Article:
Let Your Rental Property: Furnished or Unfurnished

Having bought your new rental home, there can be the desire to furnish it to a boutique hotel standard before renting it out. Similarly, suppose you are on a budget and have already invested heavily in fixing other areas of the house. In that case, it may seem just as an attractive option to rent the property looking clean and spacious and completely unfurnished.

So how do you decide which is the best option? In this short guide, we look at each option’s pros and cons so you can better make that decision.

What is unfurnished?

First of all, before we look at each choice’s up and downsides, we need to better define what is furnished and what is unfurnished. There is also the middle ground of part-furnished. So let’s dive in.

An unfurnished property has carpets, flooring, a bathroom and a fitted kitchen. Some landlords include a fully fitted kitchen as unfurnished, consisting of an oven and washing machine or dishwasher. You may, however, leave a space for the oven and washing machine. However, that is a bit basic, and if you leave a space for a free-standing oven, it’s not as aesthetically pleasing as having an integrated cooker and hob. If you’re on a tight budget, you are not required to fit the oven and washing machine, but it may put some tenants off.

What is part-furnished?

Part furnished has the bathroom and kitchen, and in addition has a few items that a tenant would need, such as a sofa and a dining table and maybe one bed in one of the bedrooms. You might choose this option if you have several properties and happen to have some furniture spare from a pool of furniture you use for all your collective properties.

What is fully furnished?

Fully furnished has everything a tenant would need to move in. It has enough sofas and armchairs to seat as many people as are living there. And beds in all the bedrooms. There are also wardrobes in the bedrooms with possibly bedside tables and cabinets for clothes.

There may be bookshelves and a coffee table. In addition to having an oven, the kitchen will also have white goods, including a fridge, freezer, microwave, and kettle. You can again go one step further by including pots, pans, crockery and utensils. You may also choose to add bedding to the bedrooms so that a tenant can literally move in with just a suitcase of clothes.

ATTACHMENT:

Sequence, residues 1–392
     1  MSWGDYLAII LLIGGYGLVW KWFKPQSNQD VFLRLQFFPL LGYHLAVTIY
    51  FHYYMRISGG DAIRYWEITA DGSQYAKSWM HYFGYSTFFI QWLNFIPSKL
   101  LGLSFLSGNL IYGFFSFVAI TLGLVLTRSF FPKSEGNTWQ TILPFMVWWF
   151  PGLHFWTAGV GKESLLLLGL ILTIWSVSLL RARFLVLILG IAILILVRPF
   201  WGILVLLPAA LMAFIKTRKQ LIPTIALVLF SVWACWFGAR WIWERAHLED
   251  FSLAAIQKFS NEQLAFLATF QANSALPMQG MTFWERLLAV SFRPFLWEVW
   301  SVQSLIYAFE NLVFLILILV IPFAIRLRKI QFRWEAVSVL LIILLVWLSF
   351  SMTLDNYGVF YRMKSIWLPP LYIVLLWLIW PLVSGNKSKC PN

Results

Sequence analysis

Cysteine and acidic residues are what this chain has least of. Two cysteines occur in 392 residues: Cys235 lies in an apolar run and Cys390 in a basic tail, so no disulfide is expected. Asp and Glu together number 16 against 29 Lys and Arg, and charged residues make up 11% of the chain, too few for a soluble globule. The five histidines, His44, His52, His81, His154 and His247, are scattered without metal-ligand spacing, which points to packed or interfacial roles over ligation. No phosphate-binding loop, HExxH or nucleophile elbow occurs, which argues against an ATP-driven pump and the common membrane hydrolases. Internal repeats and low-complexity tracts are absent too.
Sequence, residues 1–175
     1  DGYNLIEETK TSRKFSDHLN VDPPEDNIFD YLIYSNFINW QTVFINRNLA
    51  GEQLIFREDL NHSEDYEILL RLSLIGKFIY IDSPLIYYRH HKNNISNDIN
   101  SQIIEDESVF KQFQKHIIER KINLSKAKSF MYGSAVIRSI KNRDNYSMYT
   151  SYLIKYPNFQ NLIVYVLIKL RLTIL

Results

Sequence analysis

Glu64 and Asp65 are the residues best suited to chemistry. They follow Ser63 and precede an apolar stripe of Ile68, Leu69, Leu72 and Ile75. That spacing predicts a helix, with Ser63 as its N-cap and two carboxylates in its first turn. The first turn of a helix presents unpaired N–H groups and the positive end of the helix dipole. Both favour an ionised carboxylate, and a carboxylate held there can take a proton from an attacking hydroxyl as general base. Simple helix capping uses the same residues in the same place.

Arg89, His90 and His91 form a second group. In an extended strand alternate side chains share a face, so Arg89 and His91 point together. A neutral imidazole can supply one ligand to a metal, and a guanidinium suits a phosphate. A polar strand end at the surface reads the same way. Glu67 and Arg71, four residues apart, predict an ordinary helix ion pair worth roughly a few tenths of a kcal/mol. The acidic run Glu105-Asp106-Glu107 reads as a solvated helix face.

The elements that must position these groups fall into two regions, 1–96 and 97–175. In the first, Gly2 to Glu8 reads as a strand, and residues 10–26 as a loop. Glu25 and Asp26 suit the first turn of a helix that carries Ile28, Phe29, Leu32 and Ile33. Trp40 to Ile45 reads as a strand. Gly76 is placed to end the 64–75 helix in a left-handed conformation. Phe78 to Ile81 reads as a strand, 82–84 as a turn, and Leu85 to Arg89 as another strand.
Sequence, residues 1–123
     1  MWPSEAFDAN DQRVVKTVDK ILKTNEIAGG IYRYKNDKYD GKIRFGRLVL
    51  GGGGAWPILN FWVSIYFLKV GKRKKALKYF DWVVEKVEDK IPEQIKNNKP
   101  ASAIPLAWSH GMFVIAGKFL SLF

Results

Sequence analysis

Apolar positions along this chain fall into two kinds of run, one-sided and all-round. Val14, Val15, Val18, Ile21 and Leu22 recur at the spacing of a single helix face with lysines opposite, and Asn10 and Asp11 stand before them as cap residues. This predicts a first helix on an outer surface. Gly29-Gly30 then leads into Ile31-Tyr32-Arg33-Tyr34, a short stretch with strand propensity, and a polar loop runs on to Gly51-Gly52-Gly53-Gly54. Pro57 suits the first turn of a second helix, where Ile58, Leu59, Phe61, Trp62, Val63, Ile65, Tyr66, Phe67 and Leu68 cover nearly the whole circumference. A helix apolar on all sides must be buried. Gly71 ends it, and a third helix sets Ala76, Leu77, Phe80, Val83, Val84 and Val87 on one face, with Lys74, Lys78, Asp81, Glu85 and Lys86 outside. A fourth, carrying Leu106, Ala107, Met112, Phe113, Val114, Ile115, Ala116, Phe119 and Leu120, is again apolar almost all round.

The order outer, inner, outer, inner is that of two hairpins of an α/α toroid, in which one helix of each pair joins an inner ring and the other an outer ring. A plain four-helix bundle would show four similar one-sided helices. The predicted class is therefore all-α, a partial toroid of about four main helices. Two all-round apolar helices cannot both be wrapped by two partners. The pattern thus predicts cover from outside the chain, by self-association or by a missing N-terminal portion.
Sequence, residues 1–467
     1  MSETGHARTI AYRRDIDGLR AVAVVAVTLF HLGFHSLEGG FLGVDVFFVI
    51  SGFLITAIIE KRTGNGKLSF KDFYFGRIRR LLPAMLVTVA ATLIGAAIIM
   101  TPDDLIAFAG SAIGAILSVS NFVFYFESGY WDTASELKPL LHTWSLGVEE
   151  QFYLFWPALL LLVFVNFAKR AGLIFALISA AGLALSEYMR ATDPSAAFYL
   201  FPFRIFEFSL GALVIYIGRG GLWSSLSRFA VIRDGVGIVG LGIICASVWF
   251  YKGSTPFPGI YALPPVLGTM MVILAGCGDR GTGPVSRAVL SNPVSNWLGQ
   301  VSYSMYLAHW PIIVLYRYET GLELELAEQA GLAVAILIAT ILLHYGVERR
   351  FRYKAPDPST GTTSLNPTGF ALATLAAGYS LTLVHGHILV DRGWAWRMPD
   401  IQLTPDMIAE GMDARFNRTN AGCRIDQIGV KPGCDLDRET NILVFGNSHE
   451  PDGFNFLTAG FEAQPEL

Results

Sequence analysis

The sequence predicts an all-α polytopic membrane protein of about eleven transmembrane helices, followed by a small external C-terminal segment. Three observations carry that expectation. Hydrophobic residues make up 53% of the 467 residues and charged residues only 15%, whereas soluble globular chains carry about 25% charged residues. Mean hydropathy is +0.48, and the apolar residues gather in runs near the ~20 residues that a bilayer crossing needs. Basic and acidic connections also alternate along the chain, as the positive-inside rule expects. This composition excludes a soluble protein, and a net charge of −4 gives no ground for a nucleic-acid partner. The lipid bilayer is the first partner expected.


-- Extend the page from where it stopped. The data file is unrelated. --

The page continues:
Pros of unfurnished

Cheaper and quicker

If you are looking for a fast and cheaper turnaround for renting out your property, your rental home will look spacious and attractive without furniture. If you choose to furnish the property, you are also going to have a higher insurance bill to cover the contents and the buildings.

Attracts Longer Staying Tenants

Tenants that move into an unfurnished property often stay longer, so it’s worth considering this before you go to great lengths to furnish the property. You need to consider who you are renting to before you go ahead and furnish the property.

Less red tape

Without furnishings, there’s no need to go to tap out inventories and go to the effort of having appliances tested.

Less tax

If the property is unoccupied for any length of time, then an unfurnished property is eligible for a 100% council tax discount. In contrast, if you have furnished it, you will still be liable to pay for half the council tax.

Cons of unfurnished

Lower rent

The primary consideration for leaving the property unfurnished is that you will never achieve the top rental value you could. You might spend maybe £100,000 to achieve a monthly rental of £500. Yet by spending just a few thousand more on furnishing, you could easily add another £100 to this rental figure, which is why many landlords choose to furnish the property.

Pros of fully furnished

Attractive to all sectors

If you have picked yourself up an inexpensive property in the city where students tend to live, this will very much dictate the sector to whom you are renting. Students and young professionals have rarely had the time and money to start accruing furniture, so you will need to fully furnish the property if you will stand a good chance of renting it out to this sector.